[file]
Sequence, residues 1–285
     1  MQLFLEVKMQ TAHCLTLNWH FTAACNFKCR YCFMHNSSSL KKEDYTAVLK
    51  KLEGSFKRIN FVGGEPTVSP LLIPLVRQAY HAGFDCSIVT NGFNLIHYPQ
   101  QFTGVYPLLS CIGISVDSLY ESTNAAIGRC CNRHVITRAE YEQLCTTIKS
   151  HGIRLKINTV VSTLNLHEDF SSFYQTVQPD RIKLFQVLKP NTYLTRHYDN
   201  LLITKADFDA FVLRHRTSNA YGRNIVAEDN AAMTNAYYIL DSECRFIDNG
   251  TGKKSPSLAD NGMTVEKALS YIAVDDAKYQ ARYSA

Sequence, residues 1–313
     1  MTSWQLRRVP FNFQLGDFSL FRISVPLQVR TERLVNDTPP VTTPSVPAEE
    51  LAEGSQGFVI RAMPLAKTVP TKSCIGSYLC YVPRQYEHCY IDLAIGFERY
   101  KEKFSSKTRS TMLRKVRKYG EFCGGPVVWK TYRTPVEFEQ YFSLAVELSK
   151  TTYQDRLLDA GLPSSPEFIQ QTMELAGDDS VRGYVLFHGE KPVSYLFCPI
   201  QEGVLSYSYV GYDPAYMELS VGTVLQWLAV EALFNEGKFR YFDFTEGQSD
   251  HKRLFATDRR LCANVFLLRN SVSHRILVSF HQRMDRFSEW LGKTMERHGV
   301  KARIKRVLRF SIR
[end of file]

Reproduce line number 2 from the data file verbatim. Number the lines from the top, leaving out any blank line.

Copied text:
     1  MQLFLEVKMQ TAHCLTLNWH FTAACNFKCR YCFMHNSSSL KKEDYTAVLK